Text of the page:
“Value in use.” That’s always been the motto of the cars in the SCM collection. What’s the point in having classic cars if you are not going to use them?
Most of the SCM cars were built more than 50 years ago. They were never designed to be in service this many years after they left their factories of origin. Consequently, keeping them roadworthy, comfortable and visually attractive has required a substantial investment in mechanical and cosmetic refurbishments.
It’s these investments of tens of thousands of dollars and hundreds of hours in skilled technicians that has brought them to the condition of being “on the button.”
Last year, all six of the SCM Alfas participated in the SCM 30. And over the 1,000 miles – 6,000 cumulative miles) of twisty back roads, there wasn’t a single mechanical issue of any kind. Indeed, the headliner of the 1961 Sprint Special collapsing onto the heads of the driver and passenger at speeds above 80 mph was the only excitement.
But this is a new year. And the events are beginning. Here’s what we have lined up:
SCM has long been a sponsor of Northwest Passage. Put on by the Oregon Region of the Porsche Club of America, it’s a 1000-mile-plus romp through the backcountry of Oregon and Washington. It begins on June 20.
While this is a Porsche-centric event, SCM has always been a contrarian outfit. Last year I drove our 2006 Lotus Elise.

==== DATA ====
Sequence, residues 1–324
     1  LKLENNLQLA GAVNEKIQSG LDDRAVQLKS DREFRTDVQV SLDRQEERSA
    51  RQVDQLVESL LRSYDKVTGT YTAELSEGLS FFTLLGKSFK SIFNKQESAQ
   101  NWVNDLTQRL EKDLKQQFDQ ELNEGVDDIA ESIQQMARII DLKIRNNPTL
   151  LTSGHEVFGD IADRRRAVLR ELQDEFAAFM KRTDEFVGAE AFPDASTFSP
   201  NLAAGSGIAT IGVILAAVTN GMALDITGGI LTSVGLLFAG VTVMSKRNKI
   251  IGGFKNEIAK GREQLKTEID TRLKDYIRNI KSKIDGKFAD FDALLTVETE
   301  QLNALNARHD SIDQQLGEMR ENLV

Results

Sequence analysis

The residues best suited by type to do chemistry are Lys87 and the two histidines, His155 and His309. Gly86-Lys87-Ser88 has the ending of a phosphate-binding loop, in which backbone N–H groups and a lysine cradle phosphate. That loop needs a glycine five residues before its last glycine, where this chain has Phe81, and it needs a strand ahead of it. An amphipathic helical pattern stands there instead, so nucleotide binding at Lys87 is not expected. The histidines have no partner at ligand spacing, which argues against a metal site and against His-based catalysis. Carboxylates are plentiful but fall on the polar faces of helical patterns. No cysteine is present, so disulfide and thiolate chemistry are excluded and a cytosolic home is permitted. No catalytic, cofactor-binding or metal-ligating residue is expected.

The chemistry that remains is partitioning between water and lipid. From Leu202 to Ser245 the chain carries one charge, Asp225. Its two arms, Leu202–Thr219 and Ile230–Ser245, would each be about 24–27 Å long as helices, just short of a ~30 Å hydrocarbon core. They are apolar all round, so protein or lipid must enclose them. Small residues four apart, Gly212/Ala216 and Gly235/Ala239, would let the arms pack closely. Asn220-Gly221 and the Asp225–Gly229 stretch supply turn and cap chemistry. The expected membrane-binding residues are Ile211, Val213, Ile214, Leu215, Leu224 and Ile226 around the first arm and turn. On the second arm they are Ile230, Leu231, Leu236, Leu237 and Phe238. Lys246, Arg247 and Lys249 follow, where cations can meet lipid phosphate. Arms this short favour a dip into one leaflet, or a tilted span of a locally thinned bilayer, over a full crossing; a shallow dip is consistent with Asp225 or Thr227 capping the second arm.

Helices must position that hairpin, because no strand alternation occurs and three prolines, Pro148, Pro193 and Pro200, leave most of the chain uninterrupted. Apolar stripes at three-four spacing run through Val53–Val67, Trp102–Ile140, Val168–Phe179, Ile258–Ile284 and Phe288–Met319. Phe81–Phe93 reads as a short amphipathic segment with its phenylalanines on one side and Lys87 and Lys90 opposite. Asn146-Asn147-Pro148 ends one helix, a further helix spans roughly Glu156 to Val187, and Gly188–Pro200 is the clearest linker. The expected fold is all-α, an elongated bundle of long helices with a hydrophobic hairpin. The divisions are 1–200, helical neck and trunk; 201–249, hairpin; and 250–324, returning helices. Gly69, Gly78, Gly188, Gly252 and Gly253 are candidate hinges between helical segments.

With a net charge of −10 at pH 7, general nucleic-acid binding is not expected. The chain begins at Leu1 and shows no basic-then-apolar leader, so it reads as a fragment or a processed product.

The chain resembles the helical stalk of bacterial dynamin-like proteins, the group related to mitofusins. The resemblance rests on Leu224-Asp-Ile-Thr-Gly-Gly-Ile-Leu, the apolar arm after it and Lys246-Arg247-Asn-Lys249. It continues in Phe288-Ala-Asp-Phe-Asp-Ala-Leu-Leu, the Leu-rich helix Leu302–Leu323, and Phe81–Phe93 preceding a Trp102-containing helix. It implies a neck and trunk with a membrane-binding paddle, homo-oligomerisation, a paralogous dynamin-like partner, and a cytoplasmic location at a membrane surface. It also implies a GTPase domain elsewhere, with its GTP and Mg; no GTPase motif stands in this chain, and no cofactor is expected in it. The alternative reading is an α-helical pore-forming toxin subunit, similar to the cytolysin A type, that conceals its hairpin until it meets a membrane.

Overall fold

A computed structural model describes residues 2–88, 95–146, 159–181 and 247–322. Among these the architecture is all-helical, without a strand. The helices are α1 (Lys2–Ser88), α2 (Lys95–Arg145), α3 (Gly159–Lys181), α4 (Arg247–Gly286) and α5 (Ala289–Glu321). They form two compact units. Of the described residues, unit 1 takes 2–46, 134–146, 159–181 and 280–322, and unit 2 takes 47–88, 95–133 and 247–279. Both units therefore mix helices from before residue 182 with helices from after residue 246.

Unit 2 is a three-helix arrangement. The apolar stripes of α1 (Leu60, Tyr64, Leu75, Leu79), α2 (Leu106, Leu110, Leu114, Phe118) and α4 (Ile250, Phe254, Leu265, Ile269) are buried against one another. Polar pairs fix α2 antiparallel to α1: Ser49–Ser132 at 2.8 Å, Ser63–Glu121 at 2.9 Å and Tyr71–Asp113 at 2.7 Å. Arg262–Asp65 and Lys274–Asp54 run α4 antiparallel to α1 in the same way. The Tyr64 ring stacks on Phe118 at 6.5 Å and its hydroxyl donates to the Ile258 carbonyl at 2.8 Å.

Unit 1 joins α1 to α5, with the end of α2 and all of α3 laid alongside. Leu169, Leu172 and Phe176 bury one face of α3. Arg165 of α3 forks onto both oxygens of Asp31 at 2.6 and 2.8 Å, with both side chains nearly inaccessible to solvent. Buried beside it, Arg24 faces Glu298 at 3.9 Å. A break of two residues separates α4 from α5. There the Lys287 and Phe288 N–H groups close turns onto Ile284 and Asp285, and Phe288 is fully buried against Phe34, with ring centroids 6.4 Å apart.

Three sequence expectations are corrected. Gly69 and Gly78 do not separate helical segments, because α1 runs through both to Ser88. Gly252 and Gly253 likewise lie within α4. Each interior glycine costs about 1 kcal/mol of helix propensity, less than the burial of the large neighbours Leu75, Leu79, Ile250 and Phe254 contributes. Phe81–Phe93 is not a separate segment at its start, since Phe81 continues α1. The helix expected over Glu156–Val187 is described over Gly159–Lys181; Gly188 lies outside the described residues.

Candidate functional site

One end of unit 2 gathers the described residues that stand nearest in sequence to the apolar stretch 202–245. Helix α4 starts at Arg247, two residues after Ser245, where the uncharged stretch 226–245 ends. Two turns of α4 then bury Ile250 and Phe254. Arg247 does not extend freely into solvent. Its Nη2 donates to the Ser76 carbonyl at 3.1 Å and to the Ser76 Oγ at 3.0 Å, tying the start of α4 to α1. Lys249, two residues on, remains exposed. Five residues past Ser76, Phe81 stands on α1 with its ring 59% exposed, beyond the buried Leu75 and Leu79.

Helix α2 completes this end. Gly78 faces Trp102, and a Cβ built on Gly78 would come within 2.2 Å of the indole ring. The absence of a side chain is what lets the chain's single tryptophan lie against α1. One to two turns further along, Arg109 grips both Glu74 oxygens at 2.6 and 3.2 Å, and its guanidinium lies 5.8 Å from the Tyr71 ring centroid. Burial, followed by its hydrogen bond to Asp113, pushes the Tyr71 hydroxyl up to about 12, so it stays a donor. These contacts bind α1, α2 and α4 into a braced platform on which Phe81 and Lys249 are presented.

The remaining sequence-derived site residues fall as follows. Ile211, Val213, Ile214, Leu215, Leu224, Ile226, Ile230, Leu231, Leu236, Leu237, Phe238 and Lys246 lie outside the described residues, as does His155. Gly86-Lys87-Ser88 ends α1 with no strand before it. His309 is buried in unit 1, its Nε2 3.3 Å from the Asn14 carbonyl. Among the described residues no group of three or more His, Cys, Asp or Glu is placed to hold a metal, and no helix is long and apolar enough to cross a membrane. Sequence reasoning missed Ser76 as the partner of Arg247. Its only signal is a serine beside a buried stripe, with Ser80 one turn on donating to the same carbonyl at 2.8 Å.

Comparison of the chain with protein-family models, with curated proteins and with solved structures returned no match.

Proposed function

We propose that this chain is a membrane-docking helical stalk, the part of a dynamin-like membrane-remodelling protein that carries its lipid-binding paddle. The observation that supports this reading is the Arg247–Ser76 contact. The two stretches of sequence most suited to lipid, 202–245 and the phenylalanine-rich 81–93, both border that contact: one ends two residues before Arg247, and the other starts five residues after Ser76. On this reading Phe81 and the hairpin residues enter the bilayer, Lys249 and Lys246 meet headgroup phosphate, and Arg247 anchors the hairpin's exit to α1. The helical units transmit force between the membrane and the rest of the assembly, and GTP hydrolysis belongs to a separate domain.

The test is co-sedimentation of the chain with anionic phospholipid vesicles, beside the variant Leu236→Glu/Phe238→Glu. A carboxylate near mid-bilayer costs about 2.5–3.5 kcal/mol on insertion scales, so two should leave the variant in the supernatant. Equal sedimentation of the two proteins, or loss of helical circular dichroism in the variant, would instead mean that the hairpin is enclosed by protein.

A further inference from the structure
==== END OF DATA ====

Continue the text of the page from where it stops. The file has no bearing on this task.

This year, SCM contributor and vintage Mercedes specialist Pierre Hedary is coming from Florida to drive the ex-Colleen Rugh 1967 GTV on the event. Pierre has never put a vintage Alfa through its paces before. He’s in for a memorable trip.
While the GTV is a contemporary of the 230/250/280SL line, the Alfa is a completely different animal. We look forward to his reading about his experiences.
The SCM 1000 begins on July 14 with a display of 45 classic cars in front of the Portland Art Museum. While Porsche is the featured marque, other cars are accepted as well.
Tim Gallagher, a repeat entrant from last year, will drive the SCM GTV. Two students from McPherson College will drive the 1971 Junior Zagato. SCM 1000 entrant Bill Scheffler had a schedule conflict, and he generously gave his spot to the students. SCM is donating the use of its Alfa.
McPherson College offers one of the top car restoration programs in the nation. In fact, McPherson students can earn a bachelor’s degree in car restoration. What better way to reward their students than to have them behind the wheel of a classic Alfa for 1,000 miles?
My plan is to drive the SCM Giulia Super. It’s such a comfortable sedan for long-distance touring that I can’t pass it up.
Once again, the SCM fleet will be racking up the miles this summer, with its classic cars being used in the best possible way — on the road again.